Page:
This is inane. I’m glad I’m no longer a Nextel customer (everything sucked after the merger), but this system is inanely bad. Heads should roll over this.

  59. tkerugger says:

    All of the above, plus…what a pain in the ass to actually sign up for account access. Now I have a username, password and a PIN to use, plus they’ll send me a bunch of emails? And, frankly, what a shitty looking page once I (finally) got in…

    The countdown to May 25th (Sprint contract expiration) is on…

    Oh, fun. Since they’ve upgraded me to the new billing system, I can’t pay my bill online until after my next billing cycle. So, pay a late fee then or pay a fee to pay my bill at a Sprint store? Sons of bitches!

  60. bossco says:

    I am spring customer. I noticed that this week when I logged on they reqquired me to add an authorization number that they sent to my phone, in order to complete my log on.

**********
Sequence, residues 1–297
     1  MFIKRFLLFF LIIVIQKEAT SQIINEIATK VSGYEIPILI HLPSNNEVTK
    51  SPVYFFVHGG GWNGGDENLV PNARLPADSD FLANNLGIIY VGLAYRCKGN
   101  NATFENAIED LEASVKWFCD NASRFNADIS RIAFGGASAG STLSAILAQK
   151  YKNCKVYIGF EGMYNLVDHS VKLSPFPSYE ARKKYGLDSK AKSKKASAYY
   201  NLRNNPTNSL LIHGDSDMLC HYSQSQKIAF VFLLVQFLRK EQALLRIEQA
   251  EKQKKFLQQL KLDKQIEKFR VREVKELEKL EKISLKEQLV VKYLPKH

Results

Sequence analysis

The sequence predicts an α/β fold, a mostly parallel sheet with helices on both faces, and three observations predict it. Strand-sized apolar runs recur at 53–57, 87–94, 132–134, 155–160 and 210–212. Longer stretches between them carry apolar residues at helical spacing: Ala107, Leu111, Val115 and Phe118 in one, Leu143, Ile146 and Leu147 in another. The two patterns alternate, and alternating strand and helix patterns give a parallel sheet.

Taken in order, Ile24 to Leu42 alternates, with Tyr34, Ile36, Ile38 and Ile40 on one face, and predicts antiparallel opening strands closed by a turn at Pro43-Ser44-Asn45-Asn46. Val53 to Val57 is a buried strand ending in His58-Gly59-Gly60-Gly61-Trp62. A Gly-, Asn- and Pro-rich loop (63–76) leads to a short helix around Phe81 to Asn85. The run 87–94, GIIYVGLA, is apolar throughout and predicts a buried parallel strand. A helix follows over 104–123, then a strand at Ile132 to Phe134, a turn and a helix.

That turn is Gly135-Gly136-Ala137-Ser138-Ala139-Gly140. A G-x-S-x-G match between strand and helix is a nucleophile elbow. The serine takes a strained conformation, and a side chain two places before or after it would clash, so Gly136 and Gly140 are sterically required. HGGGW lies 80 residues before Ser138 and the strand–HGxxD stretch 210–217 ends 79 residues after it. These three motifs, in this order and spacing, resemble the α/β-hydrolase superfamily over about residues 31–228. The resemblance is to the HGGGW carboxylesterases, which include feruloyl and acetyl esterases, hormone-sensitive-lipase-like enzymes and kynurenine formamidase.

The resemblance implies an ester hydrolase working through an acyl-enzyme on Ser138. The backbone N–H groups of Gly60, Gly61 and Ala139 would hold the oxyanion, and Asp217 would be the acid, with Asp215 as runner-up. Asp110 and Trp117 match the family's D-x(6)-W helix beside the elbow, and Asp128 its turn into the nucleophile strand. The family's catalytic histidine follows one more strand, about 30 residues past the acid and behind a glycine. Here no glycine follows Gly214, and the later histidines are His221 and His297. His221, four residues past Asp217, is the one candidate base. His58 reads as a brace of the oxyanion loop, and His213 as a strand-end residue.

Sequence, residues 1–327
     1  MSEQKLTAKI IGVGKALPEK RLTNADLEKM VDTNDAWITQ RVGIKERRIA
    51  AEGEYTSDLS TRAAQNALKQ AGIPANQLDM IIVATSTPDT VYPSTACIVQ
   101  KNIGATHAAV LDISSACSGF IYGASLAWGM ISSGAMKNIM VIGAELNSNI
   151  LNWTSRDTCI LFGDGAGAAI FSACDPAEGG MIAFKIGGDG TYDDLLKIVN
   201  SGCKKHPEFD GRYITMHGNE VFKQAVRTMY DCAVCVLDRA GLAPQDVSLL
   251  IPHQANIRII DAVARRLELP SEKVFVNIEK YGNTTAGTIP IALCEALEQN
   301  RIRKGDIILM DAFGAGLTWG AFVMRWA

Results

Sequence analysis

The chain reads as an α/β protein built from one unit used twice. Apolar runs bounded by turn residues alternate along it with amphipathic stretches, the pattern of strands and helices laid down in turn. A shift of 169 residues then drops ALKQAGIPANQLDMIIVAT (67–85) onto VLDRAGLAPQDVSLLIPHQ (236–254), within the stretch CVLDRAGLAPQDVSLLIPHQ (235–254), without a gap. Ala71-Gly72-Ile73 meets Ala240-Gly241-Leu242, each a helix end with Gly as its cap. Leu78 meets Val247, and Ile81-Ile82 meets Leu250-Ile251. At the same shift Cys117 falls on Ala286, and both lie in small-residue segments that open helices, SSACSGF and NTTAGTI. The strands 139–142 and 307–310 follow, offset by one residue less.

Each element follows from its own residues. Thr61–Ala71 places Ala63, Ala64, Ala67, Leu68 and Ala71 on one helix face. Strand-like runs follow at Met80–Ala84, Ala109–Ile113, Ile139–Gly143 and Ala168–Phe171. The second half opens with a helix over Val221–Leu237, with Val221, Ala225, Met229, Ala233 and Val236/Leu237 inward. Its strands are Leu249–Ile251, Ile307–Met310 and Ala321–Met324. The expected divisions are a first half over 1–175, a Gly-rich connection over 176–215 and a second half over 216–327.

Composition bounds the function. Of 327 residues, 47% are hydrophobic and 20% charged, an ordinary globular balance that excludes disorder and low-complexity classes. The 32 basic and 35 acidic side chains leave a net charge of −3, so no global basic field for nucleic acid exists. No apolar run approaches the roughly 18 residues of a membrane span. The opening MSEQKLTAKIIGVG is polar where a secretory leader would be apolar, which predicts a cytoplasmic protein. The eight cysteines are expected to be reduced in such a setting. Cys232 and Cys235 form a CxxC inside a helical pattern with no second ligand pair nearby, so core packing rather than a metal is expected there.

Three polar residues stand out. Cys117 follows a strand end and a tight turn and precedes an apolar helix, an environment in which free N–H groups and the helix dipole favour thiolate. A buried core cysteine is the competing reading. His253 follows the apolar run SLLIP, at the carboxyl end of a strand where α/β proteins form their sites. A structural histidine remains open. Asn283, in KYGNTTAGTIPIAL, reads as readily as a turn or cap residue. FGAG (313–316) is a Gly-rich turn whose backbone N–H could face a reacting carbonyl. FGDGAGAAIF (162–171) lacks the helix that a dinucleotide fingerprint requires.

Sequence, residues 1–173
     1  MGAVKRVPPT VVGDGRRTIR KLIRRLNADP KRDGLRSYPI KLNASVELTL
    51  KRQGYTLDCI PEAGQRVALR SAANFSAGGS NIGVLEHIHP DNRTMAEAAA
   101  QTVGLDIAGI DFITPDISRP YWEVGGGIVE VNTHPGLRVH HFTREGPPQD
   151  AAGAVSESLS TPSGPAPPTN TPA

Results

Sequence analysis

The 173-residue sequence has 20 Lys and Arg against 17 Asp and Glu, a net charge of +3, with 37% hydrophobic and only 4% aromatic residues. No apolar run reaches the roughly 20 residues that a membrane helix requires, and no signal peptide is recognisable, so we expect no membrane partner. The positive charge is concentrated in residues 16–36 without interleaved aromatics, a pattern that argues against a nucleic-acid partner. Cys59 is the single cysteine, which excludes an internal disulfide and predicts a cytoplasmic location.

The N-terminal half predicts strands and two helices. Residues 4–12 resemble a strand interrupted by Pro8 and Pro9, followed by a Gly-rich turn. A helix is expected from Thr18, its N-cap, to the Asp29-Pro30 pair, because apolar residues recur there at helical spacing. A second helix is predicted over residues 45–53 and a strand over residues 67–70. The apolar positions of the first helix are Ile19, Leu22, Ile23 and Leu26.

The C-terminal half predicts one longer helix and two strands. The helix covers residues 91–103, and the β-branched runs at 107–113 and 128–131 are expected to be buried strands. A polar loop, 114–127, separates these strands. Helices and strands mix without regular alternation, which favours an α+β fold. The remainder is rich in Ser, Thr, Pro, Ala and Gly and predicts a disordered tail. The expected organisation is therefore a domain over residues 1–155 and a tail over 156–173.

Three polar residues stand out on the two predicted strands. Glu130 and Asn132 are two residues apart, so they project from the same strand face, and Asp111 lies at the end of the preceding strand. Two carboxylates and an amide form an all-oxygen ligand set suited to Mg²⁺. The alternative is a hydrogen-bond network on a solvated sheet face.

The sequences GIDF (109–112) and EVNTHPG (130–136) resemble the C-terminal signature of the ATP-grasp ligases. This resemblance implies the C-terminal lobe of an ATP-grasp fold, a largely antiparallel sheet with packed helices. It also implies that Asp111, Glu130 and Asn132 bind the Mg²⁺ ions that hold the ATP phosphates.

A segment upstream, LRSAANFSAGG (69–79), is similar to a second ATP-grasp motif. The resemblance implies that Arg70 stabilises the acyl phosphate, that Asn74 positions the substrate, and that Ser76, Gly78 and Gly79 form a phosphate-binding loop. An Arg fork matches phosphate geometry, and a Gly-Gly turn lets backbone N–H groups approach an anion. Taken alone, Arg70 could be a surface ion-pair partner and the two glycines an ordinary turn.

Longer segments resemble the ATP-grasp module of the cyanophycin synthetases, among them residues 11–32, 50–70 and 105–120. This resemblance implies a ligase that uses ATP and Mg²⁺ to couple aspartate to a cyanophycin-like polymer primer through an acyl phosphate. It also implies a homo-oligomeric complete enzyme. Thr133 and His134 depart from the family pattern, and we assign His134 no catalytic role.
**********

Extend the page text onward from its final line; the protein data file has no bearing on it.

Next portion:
61. yargrnhoj says:

    Sprint isn’t the only one using systems like this. I recently had a call from ‘fraud prevention’ from one of my credit card companies and they asked similar questions. One was which car did I have a car loan on (easy to figure out if you snooped around my house, since I only have one car). Also a list of previous addresses I lived at (again, if you know my car, you might figure this out since I have a sticker on the back from the dealer which is in another state, which was one of the choices).

  62. ViperBorg says:

    Yeah, I had this issue with them. Considering they are still doing this, I canceled my account with them. I like my money to stay with me, thank you.

    Moved to another carrier, and have had no problems.

  63. NWSPMP says:

    Scarily enough, in addition to this, fully registered accounts that are already setup in their Online System are vulnerable via “I Forgot my PIN” which asks the same damned questions.